Putin unveils plot to freeze Ukraine as Russia targets energy grid

Ukraine obliterates Russian battle tank in Luhansk Oblast

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Ukraine is bracing itself for a very difficult winter, as Russia is looking to target the country’s energy grid in a move which has led to Ukraine accussing Vladimir Putin of “terrorism”. Over the past week, Russian forces unleashed a barrage of strikes on Ukraine’s energy facilities, even hitting some apartment blocks and a major road intersection in the capital, Kyiv. Emergency services in the country warned that at least 20 people were killed following an attack last Monday. Experts note that this is likely a way to batter Ukraine as the cold winter months begin. As a result, Kyiv has warned Ukrainians to prepare for more blackouts, urging them to cut down on their electricity use wherever possible.

In an analysis piece, Dan Sabbagh, the Guardian’s defence editor wrote: “There are growing signs that Russia is trying to target Ukraine’s energy and other utility grids as the winter and the country’s ‘heating season’ begins.

“A point not lost on the country’s anxious defenders either, where there are already calls for people to reduce electricity use between 5pm and 11pm in the evenings. In the last month power supplies to Kharkiv, Kyiv and Lviv have at times been affected.

“Drones such as the Shahed-136s are more effective against such static targets than against armies and for Moscow the disruptive impact on Ukraine may be greater.

“At the same time Russia will badly want to halt Ukraine’s battlefield advances at least until heavy late-autumn rains are expected to prompt some sort of a pause.”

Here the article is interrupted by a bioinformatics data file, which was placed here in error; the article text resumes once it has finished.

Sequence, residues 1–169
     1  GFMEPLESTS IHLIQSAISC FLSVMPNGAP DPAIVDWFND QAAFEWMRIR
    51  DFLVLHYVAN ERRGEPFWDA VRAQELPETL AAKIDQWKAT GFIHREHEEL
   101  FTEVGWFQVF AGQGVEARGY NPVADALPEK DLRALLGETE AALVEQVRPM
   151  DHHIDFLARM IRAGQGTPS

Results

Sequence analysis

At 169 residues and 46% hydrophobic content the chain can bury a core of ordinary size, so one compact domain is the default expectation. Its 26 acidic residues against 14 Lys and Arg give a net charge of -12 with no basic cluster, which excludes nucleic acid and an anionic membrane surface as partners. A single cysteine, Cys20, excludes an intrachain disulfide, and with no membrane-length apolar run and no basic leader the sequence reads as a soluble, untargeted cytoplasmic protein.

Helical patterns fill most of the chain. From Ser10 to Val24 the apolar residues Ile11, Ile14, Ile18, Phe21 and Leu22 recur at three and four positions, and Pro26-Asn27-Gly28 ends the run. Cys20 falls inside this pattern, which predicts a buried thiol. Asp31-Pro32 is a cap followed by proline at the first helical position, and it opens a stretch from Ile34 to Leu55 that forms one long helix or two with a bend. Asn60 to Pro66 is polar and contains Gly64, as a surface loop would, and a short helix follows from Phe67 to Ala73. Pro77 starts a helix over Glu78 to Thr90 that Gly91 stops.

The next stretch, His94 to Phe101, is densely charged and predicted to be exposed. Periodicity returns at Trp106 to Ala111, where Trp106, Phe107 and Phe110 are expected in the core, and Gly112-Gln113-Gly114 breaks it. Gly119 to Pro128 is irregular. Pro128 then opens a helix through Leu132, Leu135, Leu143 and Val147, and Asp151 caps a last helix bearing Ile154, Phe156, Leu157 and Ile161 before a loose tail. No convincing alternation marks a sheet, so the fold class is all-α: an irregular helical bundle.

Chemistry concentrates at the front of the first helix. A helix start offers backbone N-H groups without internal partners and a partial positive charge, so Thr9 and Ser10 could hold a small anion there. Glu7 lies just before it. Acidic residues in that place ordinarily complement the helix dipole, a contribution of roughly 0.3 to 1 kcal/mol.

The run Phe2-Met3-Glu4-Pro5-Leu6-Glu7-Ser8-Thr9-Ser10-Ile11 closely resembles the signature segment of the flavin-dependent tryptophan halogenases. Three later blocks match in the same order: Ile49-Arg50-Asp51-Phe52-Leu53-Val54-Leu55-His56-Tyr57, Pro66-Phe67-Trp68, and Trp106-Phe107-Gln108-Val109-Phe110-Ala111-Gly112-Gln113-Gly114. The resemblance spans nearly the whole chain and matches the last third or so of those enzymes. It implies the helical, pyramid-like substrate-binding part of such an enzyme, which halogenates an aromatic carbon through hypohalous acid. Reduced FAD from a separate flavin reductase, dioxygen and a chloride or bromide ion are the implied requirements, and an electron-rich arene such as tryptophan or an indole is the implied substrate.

He added that for Russian forces, “nothing else is working”, as the invading troops have suffered heavy losses over the past year, steadily losing ground to Kyiv’s counter-offensive. 

Ukraine’s government said that russian missiles and drones struck Ukrainian targets 128 times over three days this week, hitting 28 energy installations. Meanwhile, Moscow has denied targeting civilians.

The country’s Prime Minsiter Denys Shmyhal said on Wednesday: “It is important to understand that Russian terrorists will try to use the cold as their weapon. 

“In their sick imagination, Ukrainians sitting for several hours without electricity is a victory. They think that this way they will force us to surrender. This will not happen.”

Mykhailo Podolyak, an adviser Mr Zelenskiy noted that the government had prepared for strikes on critical infrastructure and managed to prevent the power grid from overloading.

He said: “Russia understood that Ukraine has a powerful energy system, and therefore … attacked distribution substations, which connected (different) regions. Thanks to the responsible approach of Ukrainians, who limited their consumption in the evening hours, the system managed.”

He also ruled out retaliatory strikes on Russian energy infrastructure, saying that “Ukraine is waging a defensive war.” Meanwhile, Mr Shmyhal noted that power has been restored to more than 4,000 towns and villages since the strikes, however adding that difficult times were ahead.

The government is urging citizens to stock up on warm clothes, candles, flashlights and batteries while asking people to limit their use of energy-guzzling appliances like ovens, washing machines or kettles during peak consumption times.

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Since the start of the invasion, Putin has tried to gain control of Ukraine’s electricity supply, evening capturing the Zaporizhzhia nuclear power plant, which sparked alarm as Russian troops used the nuclear site as a shield against Ukrainian shelling. 

Last week, the head of the UN’s nuclear watchdog has said the Ukrainian nuclear station has lost external power needed for its vital safety systems.

The recently restored power line supplying the Russian-occupied Zaporizhzhia nuclear power plant in Ukraine has been cut for the second time in five days, forcing the plant to switch to emergency diesel generators, the U.N. atomic watchdog chief Rafael Grossi said on Wednesday.

A safety zone around the Zaporizhzhia nuclear plant in Russian-controlled Ukraine is not possible until the front moves forward by at least 100 km (62 miles), the Russian-installed leader of the region said on Wednesday, RIA reported.

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